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WESTERN KANSAS WORLD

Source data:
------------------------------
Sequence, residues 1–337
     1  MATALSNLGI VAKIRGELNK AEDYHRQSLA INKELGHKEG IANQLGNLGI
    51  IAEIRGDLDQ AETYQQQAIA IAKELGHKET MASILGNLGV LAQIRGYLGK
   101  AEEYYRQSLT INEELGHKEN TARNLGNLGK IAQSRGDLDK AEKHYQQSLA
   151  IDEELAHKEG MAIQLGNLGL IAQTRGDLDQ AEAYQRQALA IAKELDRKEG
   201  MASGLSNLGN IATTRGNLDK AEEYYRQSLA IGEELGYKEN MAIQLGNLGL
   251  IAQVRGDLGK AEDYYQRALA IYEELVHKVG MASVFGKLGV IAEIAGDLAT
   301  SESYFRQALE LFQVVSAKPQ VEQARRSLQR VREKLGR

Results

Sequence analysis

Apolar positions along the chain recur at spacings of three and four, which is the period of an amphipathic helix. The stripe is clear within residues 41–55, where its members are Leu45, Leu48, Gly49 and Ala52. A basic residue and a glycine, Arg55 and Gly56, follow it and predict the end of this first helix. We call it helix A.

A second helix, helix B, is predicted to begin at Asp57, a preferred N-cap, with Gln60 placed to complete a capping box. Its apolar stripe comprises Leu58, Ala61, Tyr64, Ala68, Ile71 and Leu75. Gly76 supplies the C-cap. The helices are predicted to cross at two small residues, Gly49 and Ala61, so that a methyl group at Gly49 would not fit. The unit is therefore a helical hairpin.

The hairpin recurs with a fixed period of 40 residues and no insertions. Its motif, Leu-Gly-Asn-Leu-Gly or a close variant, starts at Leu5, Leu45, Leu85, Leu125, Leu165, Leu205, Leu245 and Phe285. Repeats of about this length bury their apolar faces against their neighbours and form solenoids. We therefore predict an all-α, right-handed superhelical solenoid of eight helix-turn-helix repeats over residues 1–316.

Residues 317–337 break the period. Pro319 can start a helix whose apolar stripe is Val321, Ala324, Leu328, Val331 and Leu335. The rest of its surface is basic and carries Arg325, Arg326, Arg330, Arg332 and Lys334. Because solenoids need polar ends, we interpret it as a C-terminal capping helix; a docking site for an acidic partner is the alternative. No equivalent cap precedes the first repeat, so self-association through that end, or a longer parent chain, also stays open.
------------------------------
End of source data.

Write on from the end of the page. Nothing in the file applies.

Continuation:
c Walking With I I Gd '" I S By REV. I W. COSNELL A iiiilml to dtc Den . , g X Moodr BihU Institute. diicMO 2 G TEH Selected Olives - -"ev -"-a. .... sw wmmammmmmm i -villi it mr rv-K:.:. i. ft ? a j TEXT -"And Enoch walked with God. and 'ho was not; for God , took hinj." Genesis 6:24. The fifth chap ter of Genesis con tains a list of men who reached re markable ages; yet, with one ex ception, it is writ ten of each of them, "and he' died." This man, who walked with God, and did not die, is one of the) most attractive figures in Scrip ture. He lived amid wicked people. Enoch's generation was ripening for the flood, and every imagination of man's heart was only evil continually; yet he "walked with God." He encour ages us to walk thus even under diffi cult circumstances. Christ said to the church at Pergamos: "I know where thou dwellest, even where Satan's seat Is: and thou holdest fast my name and hast not denied my faith." How cheering to Jiear of "saints in Caesar's household," and to know that Christ so lived at wicked Nazareth that the Father could say, "This is my beloved Son, in whom I am well pleased." I He lived In the twilight of revela tion. There was as yet no Bible, yet he "walked with God?' How shall he rise; up to condemn us! ' He was married. Some have thought celibacy necessary to the highest holi ness, but Enoch refutes -the idea. We actually knew a mother who declared she could not be a Christian until her children were larger and less exasper ating! But we are told "Enoch walked with God after he begat Me thuselah," and it is suggested that the coming of this little life into his was the beginning of his heavenly conver sation. - His Walk. ' He walked by faith (Hebrews 11:5). There is no record of him having rev elations more than we have who also "walk by faith." "Faith cometh by hearing and hearing by the word of God," and such a faith is basis enough for walking with God. He pleased God (Hebrews 11:5). How indifferent this makes us to men's opinions! "It is a small thing with me that I am judged of men's Judgment." How blessed to know we can bring joy to the heart of God and that we may "walk worthy of the Lord unto all pleasing" (Col. 1:10). He warned the wicked. Jude tells us that Enoch prophesied, saying. Be hold the Lord cometh with ten thou sand of his saints, to execute judg ment upon all. Those who walk with God long to bring to him "them that are without." Good men may, like Samuel Rutherford, lack the evange listic gift, but they will have the evan gelistic heart which made Rutherford sing: If but one soul from Anworth Meet me at God's right hand, t My heaven will be two heavens. In Immanuel's land. He was progressive In holiness. He walked with God, and pressed toward the mark for the prize. The perfec tion of Christians on earth is very Imperfect, and even In heaven we shall still be walking in white. His Exit. His strange departure proved Im mortality to be a fact, just as Elijah's translation later assured Israel and as we are assured by Christ's resurrec tion. His departure was felt. Hebrews says that Enoch "was not found," as If they had sought him. He was missed. It is still so when a saint passes. Wit ness the multitudes that gathered at the funerals of John Wesley and Cath erine Booth and Jerry McAuley." He went out in the prime of life. He was taken when 365 years of age, and as compared with others of that day, this was just the morning of life, corresponding to the age of thirty three now. We wonder when men are caught away just as their usefulness begins. But surely God does not deal trhkindly with his friends. "To depart Is to be with Christ, which is far bet- ter." "Taken away from the evil to comeV-this might be written of Enoch and of many another saint. His departure was easy. ",He was not; for God took him," or as Hebrews reads. "God had translated him." The psalmist seems to apply the language of the text to death. Psalm 49:15 tells us, "He will deliver my soul from the power of the grave for he will take the:" and Psalm 73:24 reads, "Thou wilt guide me by thy counsel and afterward take me to glory." As with the translated saint, so with the dying, the Father will stoop down t to the child, who has been walking with him and men will say, "He was aotS for God took him." Spurgeon bears wit ness, after ministering to many feeble saints, that he had not found one to whom dying grace was not. given. Moreover, should we be alive at the Lord's coming, we shall be translated as literally s Enoch. (I Thess. 4:16. " I N AGREEMENT with the somewhat well-known Mr. Meredith, Uncle Sam believes that "civilized man cannot St live without cooks," and is putting that belief into demonstration in handling the educational problems of the Phil ippines. . " . The Filipino, to be sure, had a civil ization and cooks prior to the Amer ican occupation, but the civilization was not of high standard. And after several years of close study of the needs and possibilities of our rest less little brown foster brothers of the far east ern islands domestic science has been deemed the surest foundation upon which to build. To begin with, the home and its women has been accepted by educators as the best process of engrafting occidental civilization, education and culture on the stunted, half-wild growth which centuries of Spanish rule left behind. It was the Filipino himself who pointed Out the way for the solving of his own personal equation. Primitive as his home life had been he had been living up to the best he knew.' When something better was before him he waa prompt to see the advantages of the newer way. The domestic science of the Filipino was not science at all; it was only a crude makeshift, handed down to him from his ancestors. His home was little better than a shack, very small -and destitute of furnishings! His diet was so restricted that the idea of such a thing as the art of cookery had never occurred to him. His clothing was little or nothing. With the coming of the American and his higher standard of civilization the Filipino, espe cially he of. the younger generation, saw life from a new angle. He came to the realization that there is more in life than the mere busi ness of living. He found that there Is work to do; that he must do his share toward raising the standards of succeeding generations; that he had his allotted task in the bringing of the civili zation of his country to a higher level. The first evidence of thi3 awakening in the Filipino was the change in his method of life. Gone are the open fires over which swung a sin gle pot on a tripod. Gone is the ancient habit of an entire family, including the pups and the rest of the four-footed animals, eating from a common dish. Gone also are the primitive sleeping ar rangements. To be sure the change was by evolution rather than by revolution, but its progress was sufficient ly rapid and marked to compel the attention of the American educators who had gone across seas to teach these primitive folk new things. They had gone with a notion that the Filipino could be taught the same things and by the same methods that form the educational system In California and New York, Texas and the Dakotas. They found, however, that physical environ ment and previous social experience had bred In the Filipino racial characteristics vastly different from our5 own and made of him a separate edu cational problem. The Filipino was not especially interested in whether or not he received mental training, but he was ambitious, cleverly imitative and keenly alert to the greater creature comforts of civili zation which he glimpsed for the first time when the American came and conquered. And for all his reputation for slothfulness he was willing and anxious to work for these, things -which so sud denly he had come to desire these tangible and outward signs of a higher civilization. So it was that domestic science and vocational training became an integral part of the educa tional system of the Philippines. A half-million Filipino young people are voluntarily in school there is no compulsory education In the islands. Primary English education Is open to all and Is incidental to the domestic science and vocational courses. " The Filipino knew what he wanted and he got it, and he is quite -as happy as -the more sophis ticated souls imagine we would be if ever we did get what we want. . - . - One of the most potent factors in making the. Filipino, not into an imitation . good American, but into S good, patriotic "and useful citizen of his own native archipelago, haT been the School of Household Industries in Manila." Here an nually from all the islands of the group In ''ever ' increasing numbers, young Filipinos are instruct- " ed in domestic - science and economy. Besides, these young women are taught the moN. lmpor- tant If less remunerative vocation of successful housewife and mother. ..'. i The course In housekeeping and. household arts, one of the most important and most widely . studied of the several offered by the school, gives the young women a basic education in the three R.'s, three full years study being devoted to reading, writing, arithmetic and grammar. In the homemaker's- course they study hygiene, home sanitation, physiology, cooking and the care of infants. A short course in nursing is given, and .a full nurse's course is included among the vocational courses. Dressmaking, lace making, embroidery, hat making and weaving are among the other branches included in the vocational school and optional in the homemaker's course. Much as the Filipino needed education along all lines, in nothing was his need so great as in the first principles of sanitation. When the American came the natives, even in the larger cities, knew nothing of sanitation, household or otherwise. It had not been taught the Filipino by his Spanish rulers, who practised the theory that the more the native knew the more discon tented and hence the more difficult to manage he would become. Also, the Spanish ruler himself knew practically nothing of the higher domestic arts, and his idea that his home was his castle and what went on within of no concern to the outsider he handed down to the Filipino. The Filipino, however, was far readier to as similate the beneficent changes offered by the Americans. He promptly learned that sanitation, both at home and abroad, lessened the danger of plagues, which since time immemorial had mowed down the native population like grain before a scythe. The Filipino is proud in his own way and has a strong notion of what are his personal rights. Anything akin to tyrannical enforcement of Iron clad rules would have defeated the whole scheme. Hosts of domestic science teachers, equipped with the best training, have gone- to the Philippines this last decade with high hopes and unbounded enthusiasm for the work before them, only to re turn presently with blank failure the record of their Philippine sojourn. Those who have succeeded and the success of these has been tremendous have done so through intimate sympathetic understanding of the Fili pino, the code and traditions which give him his own peculiar point of view and his essentially peculiar home life. Nothing in all the course of study offered by the school of household industries has seemed to interest the young women so greatly as the study of sanitation, hygiene and the care of in fants. While the Filipino himself may have defi nite reasons of his own for desiring cleaner and more wholesome living conditions, . the younger women have learned that to a lack of knowledge may be charged the terrific death rate among Infants. Out of each three round-eyed, smiling babies born one dies before it has lived a year, a victim of ignorance and unsanitary environ : meat -Innate, universal mother love was. quick to value and acquire knowledge of anything which results in saving the babies. But nothing in all the school is so variously interesting as the changes wrought by the study of cooking. In : times past the Filipino had the scantiest variety of food, which waa prepared In the simplest fashion, meat being a heavy item 'Of his menu'. The greatest delicacy of the Igor-, rete was. and in some portions of "the islands continues to be. "pot roast a la Fido. Many of them, still eat dog stew, but the majority" are be ginning to learn that there are numerous other foods vastly more palatable and satisfying. Even the Igorrote maiden knows that if she is to get and keep a husband she must know mod ern methods of conducting the modern home, which the men have acquired a liking for. So ltthappens that in the cooking classes are the youngest and prettiest and brightest of these future wires and mother. And even in their dress they herald the new day. The picturesque and fantastic costumes have been discarded for simple checked gingham frocks under all envelop ing white linen aprons. In sharp contrast to these cooking school girls are the young women who are studying in va rious other branches and clinging religiously to the gayly flowered skirts, tight at the hips, flow ing away to voluminous breadth and great trains at the feet, and surmounted by the queer little crisp cotton jackets, for all the world like badly cut kimonos and bunching up about the neck In an ungraceful fashion, always suggesting hump shoulders. To make beautiful laces and fine embroideries seems to be an almost natural art with the Fili pino girls, an inherent aptness resulting undoubt edly from the uncounted generations of lace mak ers before them. The strong, supple and deli cately slender brown fingers are steady as iron. The clear dark eyes are not tired by the intrl cate, tedious patterns which would mean wreck of nerves and vision of women less patient and tranquil minded. Lace making and embroidery were not intro duced by American teachers, but were brought to the islands centuries ago by the Spaniards According to Medina's history, needlecraft was taught in the convent schools as early as 1630, and Retana in the early eighteenth century wrote that "the girls easily imitate the laces and em broidery of Europe" and that they perform "sucb work fairly well in a little time." The foundation being laid, it was an opportu nity quickly seized by the American teachers, and while the instruction under convent teaching necessarily was restricted to a comparative! small number, It Is the hope of the instructors of these days that needlecraft speedily shall be come of ""universal knowledge among Filipino women. Also it is hoped that through their, apt ness for embroidery and lace making there may be opened up for them a steadily remunerative occupation. , ' In the nurse's training work also the idea has been to provide the young women with remunera tive work, but the beginnings in that line were in the face of stubborn -prejudice and opposition. The natives were extremely suspicious of doctors and hospitals and it was quite beyond compre hension that any young woman of modesty and good taste should be willing to undergo a nurse's experience. A campaign of enlightenment had to be car ried on before it was possible to establish nurs ing classes. But the readily adaptable Filipino, once convinced that the finest of young women became nurses among more advanced and ' en lightened .people, speedily abandoned her prej udice. The set of the wind is now as strongly in the opposite direction and the vocation of trained nurse has so caught popular fancy that the number of applicants each year Is far greater than the capacity of the training school. t In basketry and rug weaving another profitable fine' nas been opened for women, and by rare "good fortune it happens that the islands produce in lavish quantities all of the required materials, which with their commercial values unknown hitherto were permitted to rot in v the jungles. Still another line of income ia.from the preserv ing and canning of fruits for commerce, a line which at once makes income bearing previously wasted human energy as well as a vast fortune in unused fruits. " ' So summed up the training of the young Fili pino women means that when the Americans came to teach them the desire for a better meth od of living the new and strangely benevolent conqueror showed them at the same time how the desire might be gratified. . Etot? om from Seville. long rained u the home of the world's beat olives. Only tha pick of the crop is offered to roa under the Libby label. Sweet, Sour and Dm Pickles Nature's liuust, pot op Eke the borne made kind and all your trouble saved. This extra quality is true of all Ubbys Pickles and Con diments and there is real I f m"i in their os a. r Inmmt on J I I , TL Chicago, 4 SAYS GET BACK TO YOUTH Advice of Physical Director to Tired Business Men About to Take Va cation Worth Heeding. Business men about to start on their summer vacations are advised to read dime novels, smoke cornsilk cigarettes and act like "kids" again, by Dr. Louis R. Welismiller, physical director of the West Side Y. M. C. A. of New York. His prescription for the rejuvenation of business-worn members of the as sociation has been posted all over the association's building. . It reads : ''Forget your dignity, throw away your staidness, and be a kid again a wholesome, fun-loving, boisterous ' dime'-novel-reading kid during your vacation. Many jg you men, when. ybungsters'Ssed td ifeink It great fun to sneak out behind the barn7 with a, cigarette made of cornsilk and brown , wrapping paper. It won't hurt you to try the same thing again. You won't be able to smoke enough to hurt your self, and there's no danger of con tracting the cornsilk habit. "Dime novels make good summer reading. They are next to the Bible for vacation reading, but take the Bi ble .along, of course. Many great men read Nick Carter, Jesse James and like writings for relaxation. Most of you men have come to New York and have made good. Help yourselves to make good again next winter by be ing a boy on your vacation." T U O TUI.. j iiv -Jama i limy. Vincent Astor, at a dinner in New York, said of the French evening gowns that have ' caused so many shocked women to unite In protest: "I heard a story about one of these gowns. A headstrong girl had pur chased It in the Rue de la Palx with out her mother's knowledge, and she insisted on wearing lt,the evening it , came home, at Armenonville for din ner and at thn nnera afterwards for the Russian ballet. Her mother, how ever, protested. But the girl, in her. headstrong way, declared: " T'll wear that gown or nothing.' "With a shrug and a faint smile, her mother answered: " 'Well, it comes to about the same thing.' " Unchanged. Wife Everything is getting higher. Husband Oh, I don't knowJ There's your opinion of me and my opinion of you, and the neighbors' opinion of both of us. Crescent. .HIT THE SPOT. Postum Knocked Out Coffee Alls. There's a good deal of satisfaction and comfort in hitting upon the right thing to rid one of the varied and constant ailments caused by coffee drinking. "Ever since I can remember, writes an Ind. woman, "my father -has been a lover of his coffee, but the continued use of it so affected hia stomach that he could scarcely eat at times. "Mother had coffee-headache and dizziness, and if I drank coffee for breakfast I would taste it all day and usually go to bed with a headache. "One day father brought home a pkg. of Postum recommended by our 'grocer. Mother made It according to directions on the box and it just "hit the spot-" It has a dark, Beal-brown color, changing to golden brown when cream is added, and a snappy taste similar to mild, high-grade coffee, and we found that its continued use speed ily put an end to all our coffee ills. "That was at least ten years ago and Postum has, from that day to this, been a standing order of father's grocery bilL "When I married, my husband was a great coffee drinker, although he admitted that It hurt him. When I mentioned Postum he said he did not like the taste pf it, I told him I could make it taste all right. He smiled and said, try It. The result was a" success, he won't have any thing but Postum." "" V -- Name given 'by Postum Co., Battle Creek, Mich. - Read- "The Road to Wellville," in pkgs. Postum now comes in two forms: Regular Postum must be well boiled 15c and 25o packages. Instant .Postum Is a soluble pow der. Made in . the cup with hot wa ter no boiling 30c and 50c tins. The cost per. cup of both kinds Is about the same. "There's a Reason" for Postum. sold by Grocers.